Re the below, Joe has mentioned to me that he recalled Ian
Rowley concluding that the behaviour was ‘proprietary’. In
the HANZAB entry there is indeed quite a full note (p. 115) on ‘SCARRING’
behaviour – ‘on most nest trees’. I shall not reproduce
that, but I notice that related behaviour is ‘EYE-WIPING’.
This was what I saw for about 30 secs - a curious circular motion
of the head against the trunk. My observation may be unusual in that it
was by the female (does it less) and not quite on the scar itself. ‘Scarring
and associated behaviours perhaps function as territorial advertisements’.
From: Geoffrey Dabb [
Sent: Monday, 13 July 2009 11:55 AM
To: 'Brian Fair'
Subject: RE: [canberrabirds] Galahs Chewing Bark
Brian - I should get in that bark-chewing is still
food-related, Galahs and other cockatoos attacking the sought-after cambium,
and ring-barking is not uncommon. (Joe Forshaw has told me this
several times and, if he is listening, would think little of my memory if I
failed to mention it.) However I still think that in its very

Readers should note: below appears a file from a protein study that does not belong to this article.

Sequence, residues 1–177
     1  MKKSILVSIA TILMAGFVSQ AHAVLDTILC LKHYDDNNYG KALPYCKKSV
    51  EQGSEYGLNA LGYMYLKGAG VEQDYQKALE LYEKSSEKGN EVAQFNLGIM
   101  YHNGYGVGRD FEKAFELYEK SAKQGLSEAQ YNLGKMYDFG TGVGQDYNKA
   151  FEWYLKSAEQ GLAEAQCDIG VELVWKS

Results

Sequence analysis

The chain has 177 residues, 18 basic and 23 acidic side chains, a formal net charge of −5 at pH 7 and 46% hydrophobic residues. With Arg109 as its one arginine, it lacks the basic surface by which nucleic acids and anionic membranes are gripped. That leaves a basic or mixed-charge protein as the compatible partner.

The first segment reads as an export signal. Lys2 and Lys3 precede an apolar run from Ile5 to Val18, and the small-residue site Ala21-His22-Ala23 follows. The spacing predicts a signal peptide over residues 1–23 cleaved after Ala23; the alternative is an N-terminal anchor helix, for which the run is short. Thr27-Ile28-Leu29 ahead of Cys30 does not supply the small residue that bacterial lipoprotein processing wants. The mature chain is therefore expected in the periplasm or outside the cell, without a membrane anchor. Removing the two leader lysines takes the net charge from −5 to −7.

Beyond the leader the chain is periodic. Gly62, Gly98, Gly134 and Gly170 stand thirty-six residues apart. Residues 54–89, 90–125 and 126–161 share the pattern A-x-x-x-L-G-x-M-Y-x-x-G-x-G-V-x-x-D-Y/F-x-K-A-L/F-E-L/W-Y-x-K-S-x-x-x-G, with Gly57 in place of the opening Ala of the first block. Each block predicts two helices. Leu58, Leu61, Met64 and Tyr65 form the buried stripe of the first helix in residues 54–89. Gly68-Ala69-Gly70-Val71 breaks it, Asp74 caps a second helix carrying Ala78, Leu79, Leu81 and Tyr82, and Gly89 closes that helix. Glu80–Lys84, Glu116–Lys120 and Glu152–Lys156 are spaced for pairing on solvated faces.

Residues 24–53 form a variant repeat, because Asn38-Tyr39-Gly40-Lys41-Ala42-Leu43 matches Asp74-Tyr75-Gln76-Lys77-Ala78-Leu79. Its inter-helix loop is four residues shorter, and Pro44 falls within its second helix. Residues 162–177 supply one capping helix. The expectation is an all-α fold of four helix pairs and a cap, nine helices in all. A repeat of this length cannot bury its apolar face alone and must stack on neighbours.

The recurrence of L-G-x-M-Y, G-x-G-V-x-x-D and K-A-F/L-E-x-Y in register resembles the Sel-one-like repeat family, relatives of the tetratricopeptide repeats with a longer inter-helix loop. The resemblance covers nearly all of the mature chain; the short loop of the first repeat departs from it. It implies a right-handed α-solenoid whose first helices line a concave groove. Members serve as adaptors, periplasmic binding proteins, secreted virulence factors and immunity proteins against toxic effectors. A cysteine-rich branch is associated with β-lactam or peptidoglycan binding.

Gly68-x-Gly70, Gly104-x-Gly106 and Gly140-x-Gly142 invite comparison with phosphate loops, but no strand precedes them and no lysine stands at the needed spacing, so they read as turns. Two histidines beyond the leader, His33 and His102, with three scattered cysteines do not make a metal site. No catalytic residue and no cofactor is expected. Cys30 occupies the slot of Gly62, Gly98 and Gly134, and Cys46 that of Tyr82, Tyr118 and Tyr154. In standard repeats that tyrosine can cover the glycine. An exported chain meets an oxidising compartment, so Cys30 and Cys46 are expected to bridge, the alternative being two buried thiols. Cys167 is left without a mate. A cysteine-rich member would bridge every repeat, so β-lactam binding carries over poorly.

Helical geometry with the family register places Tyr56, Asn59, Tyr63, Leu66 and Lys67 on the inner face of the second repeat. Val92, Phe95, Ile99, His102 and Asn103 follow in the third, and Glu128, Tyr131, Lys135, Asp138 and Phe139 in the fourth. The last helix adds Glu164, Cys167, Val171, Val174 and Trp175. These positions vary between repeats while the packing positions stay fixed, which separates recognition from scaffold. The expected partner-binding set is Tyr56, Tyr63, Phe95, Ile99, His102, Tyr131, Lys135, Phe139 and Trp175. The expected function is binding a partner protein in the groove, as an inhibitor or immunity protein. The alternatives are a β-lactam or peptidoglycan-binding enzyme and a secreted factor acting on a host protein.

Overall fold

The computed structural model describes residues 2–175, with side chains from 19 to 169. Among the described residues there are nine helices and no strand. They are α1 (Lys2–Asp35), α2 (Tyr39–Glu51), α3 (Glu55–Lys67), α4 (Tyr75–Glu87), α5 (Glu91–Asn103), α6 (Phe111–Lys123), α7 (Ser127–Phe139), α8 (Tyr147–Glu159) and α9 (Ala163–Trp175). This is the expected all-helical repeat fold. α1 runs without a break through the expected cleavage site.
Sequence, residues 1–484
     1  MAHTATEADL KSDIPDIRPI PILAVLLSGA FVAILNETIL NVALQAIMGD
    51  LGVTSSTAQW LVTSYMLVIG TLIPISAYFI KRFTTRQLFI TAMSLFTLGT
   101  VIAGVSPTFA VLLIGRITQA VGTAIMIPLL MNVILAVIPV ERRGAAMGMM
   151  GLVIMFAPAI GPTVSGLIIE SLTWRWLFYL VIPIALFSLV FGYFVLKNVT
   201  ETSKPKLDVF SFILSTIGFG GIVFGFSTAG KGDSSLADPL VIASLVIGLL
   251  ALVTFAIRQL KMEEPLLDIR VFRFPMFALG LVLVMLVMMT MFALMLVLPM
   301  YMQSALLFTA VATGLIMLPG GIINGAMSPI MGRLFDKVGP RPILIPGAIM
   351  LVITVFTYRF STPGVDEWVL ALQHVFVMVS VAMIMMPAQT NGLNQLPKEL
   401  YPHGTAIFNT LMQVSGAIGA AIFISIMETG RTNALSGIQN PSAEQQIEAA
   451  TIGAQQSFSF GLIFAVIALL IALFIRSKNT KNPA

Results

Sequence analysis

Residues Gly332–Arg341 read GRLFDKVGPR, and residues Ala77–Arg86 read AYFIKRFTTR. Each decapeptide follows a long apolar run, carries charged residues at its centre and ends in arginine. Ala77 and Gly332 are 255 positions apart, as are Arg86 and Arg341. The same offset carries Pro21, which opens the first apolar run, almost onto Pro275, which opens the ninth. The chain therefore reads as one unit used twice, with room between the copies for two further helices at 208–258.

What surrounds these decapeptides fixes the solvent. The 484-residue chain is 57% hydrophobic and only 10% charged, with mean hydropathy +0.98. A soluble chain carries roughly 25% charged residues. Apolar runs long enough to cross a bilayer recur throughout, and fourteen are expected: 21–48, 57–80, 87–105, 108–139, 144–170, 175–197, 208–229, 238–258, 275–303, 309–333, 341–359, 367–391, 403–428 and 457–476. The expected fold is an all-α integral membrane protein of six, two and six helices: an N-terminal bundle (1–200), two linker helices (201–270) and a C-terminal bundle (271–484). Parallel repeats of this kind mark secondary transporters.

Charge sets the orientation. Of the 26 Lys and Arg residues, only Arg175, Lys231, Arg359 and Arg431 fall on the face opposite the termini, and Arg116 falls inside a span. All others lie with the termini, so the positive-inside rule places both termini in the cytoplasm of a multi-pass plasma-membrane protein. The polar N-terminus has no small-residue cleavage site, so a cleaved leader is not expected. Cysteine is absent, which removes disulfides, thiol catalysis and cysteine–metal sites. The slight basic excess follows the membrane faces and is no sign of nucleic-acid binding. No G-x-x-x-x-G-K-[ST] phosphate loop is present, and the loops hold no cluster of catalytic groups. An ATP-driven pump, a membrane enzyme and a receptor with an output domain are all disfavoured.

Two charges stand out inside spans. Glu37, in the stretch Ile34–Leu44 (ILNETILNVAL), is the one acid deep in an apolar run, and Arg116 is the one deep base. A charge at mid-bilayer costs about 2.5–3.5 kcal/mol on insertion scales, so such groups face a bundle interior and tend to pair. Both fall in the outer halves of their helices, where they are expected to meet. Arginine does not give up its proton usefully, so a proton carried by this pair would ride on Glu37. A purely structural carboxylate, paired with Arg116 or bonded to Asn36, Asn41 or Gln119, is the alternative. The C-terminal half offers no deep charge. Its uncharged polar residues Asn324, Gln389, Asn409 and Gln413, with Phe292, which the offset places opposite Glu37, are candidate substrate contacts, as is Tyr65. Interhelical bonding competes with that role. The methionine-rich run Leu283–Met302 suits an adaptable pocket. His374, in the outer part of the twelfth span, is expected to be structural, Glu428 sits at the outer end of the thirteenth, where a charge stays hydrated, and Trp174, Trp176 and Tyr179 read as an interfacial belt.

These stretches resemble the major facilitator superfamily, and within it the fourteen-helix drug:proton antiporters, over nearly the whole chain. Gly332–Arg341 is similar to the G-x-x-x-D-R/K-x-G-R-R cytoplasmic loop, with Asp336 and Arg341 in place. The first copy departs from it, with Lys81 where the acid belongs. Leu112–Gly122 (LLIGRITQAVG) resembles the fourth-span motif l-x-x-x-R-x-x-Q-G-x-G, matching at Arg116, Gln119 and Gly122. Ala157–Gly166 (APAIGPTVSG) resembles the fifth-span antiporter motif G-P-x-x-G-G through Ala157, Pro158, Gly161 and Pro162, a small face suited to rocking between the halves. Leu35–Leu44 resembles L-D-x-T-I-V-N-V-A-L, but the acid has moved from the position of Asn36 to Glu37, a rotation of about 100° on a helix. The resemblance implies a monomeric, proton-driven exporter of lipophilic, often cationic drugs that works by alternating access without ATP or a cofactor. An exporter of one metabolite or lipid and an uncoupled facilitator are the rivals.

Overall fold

obvious seasonal manifestation it is related to pair behaviour, because it is
usually engaged in by paired birds, takes place most often near the present or
proposed nest-hollow, and is often accompanied by wing-flexing and
head-bobbing. I think the goanna theory is unlikely - you
would need a gun-metal finish to deter a goanna and many smooth-barked trees
like E mannifera would be more climbable after a bit of chewing than before.
Incidentally, I am told that for the current urban tree-planting
program smooth-barked trees are being preferred for fire-hazard-reduction
reasons, even the medium-barked Yellow Box being rejected for that reason.
From: Brian Fair [
Sent: Sunday, 12 July 2009 8:12 PM
Subject: [canberrabirds] Galahs Chewing Bark
am just writing to add some thoughts and observations about Galahs chewing
bark. Galahs have been known to ringbark trees with their
chewing. They have been known to chew away the bark of trees that
they intend on nesting in and one theory is that they do this to stop
goannas from steeling the eggs from the nest. They will chew away the
bark below where the nest or proposed nest is located. The removal of the bark
would make the trunk smoother thereby making it harder for goannas to reach the
is a theory that my father was told after Galahs had ringbarked a few trees on
his property which is located just outside Tamworth. Any thoughts are welcome
and I would be interested to hear more about the trees that Galahs have been
see chewing in.